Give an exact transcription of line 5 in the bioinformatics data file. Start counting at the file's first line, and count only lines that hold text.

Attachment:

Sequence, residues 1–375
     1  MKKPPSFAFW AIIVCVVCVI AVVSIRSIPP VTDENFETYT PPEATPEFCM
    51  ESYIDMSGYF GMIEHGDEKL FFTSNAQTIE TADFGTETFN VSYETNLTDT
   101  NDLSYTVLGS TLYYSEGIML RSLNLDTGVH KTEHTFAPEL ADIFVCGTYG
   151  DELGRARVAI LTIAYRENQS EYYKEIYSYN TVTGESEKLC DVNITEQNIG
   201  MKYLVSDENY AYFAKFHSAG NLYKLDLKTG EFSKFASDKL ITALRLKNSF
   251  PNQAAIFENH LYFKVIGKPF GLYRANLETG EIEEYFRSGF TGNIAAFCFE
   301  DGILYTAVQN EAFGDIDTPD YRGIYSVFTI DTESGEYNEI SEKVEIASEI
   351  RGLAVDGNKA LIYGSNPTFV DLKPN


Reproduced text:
   151  DELGRARVAI LTIAYRENQS EYYKEIYSYN TVTGESEKLC DVNITEQNIG